The sordid arrest in St. Paul, Minn., of the Hon. Member for Fort McMurray-Wood Buffalo puts the government of Premier Alison Redford in an excruciatingly difficult position.
We can be certain there is nothing Redford, her cabinet and the vast majority of her Progressive Conservative caucus would like better than never to have to set eyes again on Mike Allen, who managed to get himself arrested Monday night in a police prostitution sting while on government business in Minnesota's capital city.
But nothing in politics is ever simple.
The Fort McMurray MLA, a music-store owner and former professional jazz musician, resigned from the Conservative caucus yesterday as quickly and with about as much grace as possible under such sleazy circumstances.
"I apologize to my family, my friends, my constituents, my colleagues, my staff, and to all Albertans for the embarrassment I have caused in failing to live up to the standards expected of me and the standards I expect of myself," Allen said in his letter of resignation. "I made this mistake as a result of a profound lapse in my personal judgment. It is a mistake for which there are no excuses and for which I accept full responsibility. This is deeply embarrassing moment and all I can say is that I am sorry and I humbly ask for forgiveness."
The opposition parties, however, can be expected to say that is not enough and demand Allen resign his seat.
Privately, I expect, Redford heartily agrees.
But there is presumably nothing Redford wants less right now than a by-election anywhere in Alberta, but especially in a riding previously occupied by a former Tory MLA who joined the Wildrose Party in its early days and who doubtless still enjoys a following in the northern city.
Former PC-turned-Wildrose MLA Guy Boutilier could be a bit of a loose canon at times, getting himself kicked out of the PC caucus in 2009 by then-Premier Ed Stelmach for reminding voters of a broken government promise to build a long-term care facility in Fort Mac. He joined the Wildrose caucus after a year sitting as an Independent.
But while Boutilier sometimes spoke his mind a little too frankly, he most certainly never did anything as agonizingly embarrassing as Allen's escapade.
With Allen as their standard-bearer, the Tories toppled Boutilier in the 2012 provincial election, presumably because Fort Mac voters concluded they were better off with a government MLA. But Redford and her advisors surely know that if there were a by-election in Fort McMurray now, they would quite possibly lose it, and if so they would almost certainly lose it to the Wildrose Party.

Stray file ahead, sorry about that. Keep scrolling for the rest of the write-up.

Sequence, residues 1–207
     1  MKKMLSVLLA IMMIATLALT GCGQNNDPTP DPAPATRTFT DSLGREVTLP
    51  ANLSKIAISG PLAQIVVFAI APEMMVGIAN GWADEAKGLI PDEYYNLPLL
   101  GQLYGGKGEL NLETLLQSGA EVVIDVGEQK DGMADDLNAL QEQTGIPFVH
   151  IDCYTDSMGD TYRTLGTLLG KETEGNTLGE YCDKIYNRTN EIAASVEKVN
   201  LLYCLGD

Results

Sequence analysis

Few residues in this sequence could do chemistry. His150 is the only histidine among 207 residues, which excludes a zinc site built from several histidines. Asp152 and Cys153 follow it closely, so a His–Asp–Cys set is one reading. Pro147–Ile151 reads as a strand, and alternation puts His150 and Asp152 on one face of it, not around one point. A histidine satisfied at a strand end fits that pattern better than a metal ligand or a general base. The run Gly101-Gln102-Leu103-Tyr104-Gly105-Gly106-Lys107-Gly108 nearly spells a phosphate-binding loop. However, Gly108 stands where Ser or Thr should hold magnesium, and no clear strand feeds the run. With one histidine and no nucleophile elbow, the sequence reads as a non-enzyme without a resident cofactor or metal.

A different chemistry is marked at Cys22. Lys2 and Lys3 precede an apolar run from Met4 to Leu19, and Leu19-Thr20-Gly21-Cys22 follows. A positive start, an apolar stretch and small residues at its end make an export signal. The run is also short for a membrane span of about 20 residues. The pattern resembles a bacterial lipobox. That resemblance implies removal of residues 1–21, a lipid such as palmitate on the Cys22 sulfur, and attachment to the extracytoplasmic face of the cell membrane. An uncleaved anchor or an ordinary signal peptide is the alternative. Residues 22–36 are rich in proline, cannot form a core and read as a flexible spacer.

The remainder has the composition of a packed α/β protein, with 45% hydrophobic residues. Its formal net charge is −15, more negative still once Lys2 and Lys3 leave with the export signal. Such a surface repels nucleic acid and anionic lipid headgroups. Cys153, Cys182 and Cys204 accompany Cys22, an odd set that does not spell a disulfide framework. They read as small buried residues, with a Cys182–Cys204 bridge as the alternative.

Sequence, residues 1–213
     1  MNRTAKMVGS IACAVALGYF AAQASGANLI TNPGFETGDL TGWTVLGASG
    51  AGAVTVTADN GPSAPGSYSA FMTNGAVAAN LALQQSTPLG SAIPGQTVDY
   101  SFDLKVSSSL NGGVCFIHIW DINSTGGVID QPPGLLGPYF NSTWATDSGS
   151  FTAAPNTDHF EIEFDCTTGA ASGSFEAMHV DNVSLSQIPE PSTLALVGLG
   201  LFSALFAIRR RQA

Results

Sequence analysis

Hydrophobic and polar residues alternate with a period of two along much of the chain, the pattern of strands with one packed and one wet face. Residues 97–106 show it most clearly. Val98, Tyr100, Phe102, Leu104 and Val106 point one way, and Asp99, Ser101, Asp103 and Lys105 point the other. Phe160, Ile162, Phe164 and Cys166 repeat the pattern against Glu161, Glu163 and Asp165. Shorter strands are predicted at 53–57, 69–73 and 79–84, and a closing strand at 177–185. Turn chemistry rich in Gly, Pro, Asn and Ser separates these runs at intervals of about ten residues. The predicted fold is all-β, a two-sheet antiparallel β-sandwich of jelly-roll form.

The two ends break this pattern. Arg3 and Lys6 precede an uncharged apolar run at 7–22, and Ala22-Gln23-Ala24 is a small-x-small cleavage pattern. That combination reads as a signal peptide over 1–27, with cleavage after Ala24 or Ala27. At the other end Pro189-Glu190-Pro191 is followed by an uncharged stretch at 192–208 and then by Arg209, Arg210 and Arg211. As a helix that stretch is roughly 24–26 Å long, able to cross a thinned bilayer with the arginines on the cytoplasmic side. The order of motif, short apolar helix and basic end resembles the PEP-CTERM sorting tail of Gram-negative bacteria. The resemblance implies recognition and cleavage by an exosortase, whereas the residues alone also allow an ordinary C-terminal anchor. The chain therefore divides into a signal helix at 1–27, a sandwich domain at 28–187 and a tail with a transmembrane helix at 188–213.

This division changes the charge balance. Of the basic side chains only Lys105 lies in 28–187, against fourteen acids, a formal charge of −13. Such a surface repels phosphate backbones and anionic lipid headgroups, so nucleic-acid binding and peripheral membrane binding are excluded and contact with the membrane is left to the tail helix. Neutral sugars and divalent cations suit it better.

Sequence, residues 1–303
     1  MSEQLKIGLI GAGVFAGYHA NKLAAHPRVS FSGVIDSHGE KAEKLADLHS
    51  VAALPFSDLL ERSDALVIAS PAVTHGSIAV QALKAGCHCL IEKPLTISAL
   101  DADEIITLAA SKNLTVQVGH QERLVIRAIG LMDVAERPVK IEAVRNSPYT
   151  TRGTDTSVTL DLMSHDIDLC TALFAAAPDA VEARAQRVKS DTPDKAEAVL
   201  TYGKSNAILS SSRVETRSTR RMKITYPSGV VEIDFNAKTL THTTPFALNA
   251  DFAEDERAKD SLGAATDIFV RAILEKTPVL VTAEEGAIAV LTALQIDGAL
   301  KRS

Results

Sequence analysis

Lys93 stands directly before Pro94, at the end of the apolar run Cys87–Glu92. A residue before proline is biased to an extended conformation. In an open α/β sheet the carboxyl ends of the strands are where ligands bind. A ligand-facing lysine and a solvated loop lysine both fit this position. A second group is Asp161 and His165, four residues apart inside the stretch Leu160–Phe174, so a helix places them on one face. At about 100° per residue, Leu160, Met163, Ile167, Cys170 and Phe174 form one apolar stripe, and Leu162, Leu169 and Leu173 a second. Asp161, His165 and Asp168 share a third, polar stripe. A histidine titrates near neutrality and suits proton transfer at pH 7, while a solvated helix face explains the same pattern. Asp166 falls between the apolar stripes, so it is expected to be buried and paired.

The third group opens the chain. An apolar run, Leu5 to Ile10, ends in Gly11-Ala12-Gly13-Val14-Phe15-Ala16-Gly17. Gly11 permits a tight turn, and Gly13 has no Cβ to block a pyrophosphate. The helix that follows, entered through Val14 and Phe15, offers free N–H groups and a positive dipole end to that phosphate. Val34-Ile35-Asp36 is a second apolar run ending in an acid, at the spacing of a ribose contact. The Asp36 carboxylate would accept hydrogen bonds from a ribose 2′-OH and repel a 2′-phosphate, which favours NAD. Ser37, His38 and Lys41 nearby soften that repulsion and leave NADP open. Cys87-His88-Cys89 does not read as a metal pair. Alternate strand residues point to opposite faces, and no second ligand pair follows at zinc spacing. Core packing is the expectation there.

Even if Boutilier decides not to run again, he will surely help his party campaign.
And if the Wildrose Party wins a by-election about now, that in turn is bound to be interpreted by the media as momentum toward a Wildrose government in 2016 -- precisely what Redford's PCs do not want just now after a creditable performance dealing with the Southern Alberta flood that had appeared to put an end to a string of corrosive embarrassments.
So this leaves the Redford Government on the horns of a dilemma.
They can choose to have Allen remain in the House -- a constant embarrassment despite being as far removed as possible from the government benches. Or they can press him to quit and thereby face a by-election they would likely lose and which would benefit the Wildrose opposition enormously.
As for Allen, his chances of making a comeback from this situation seem slim.
Others have recovered from similar disgraces, of course -- most notably former New York Governor Eliot Spitzer, forced to resign after a prostitution scandal in 2008, and the onomatopoetically named former New York Congressman Anthony Weiner, best known for his indiscreet Twitter pictures in 2011. Both men are now possible winners in New York City civic politics.
But despite having served as a special advisor to cabinet on fixing the dangerous road to Fort McMurray, Highway 63, Allen is no Clinton or Spitzer, or even a Weiner.
While he promised in his resignation letter to "work long and hard to regain the trust of the many I have let down," it seems more likely he will have to face the music -- or at least eventually return to selling it.
This post also appears on David Climenhaga's blog, Alberta Diary.
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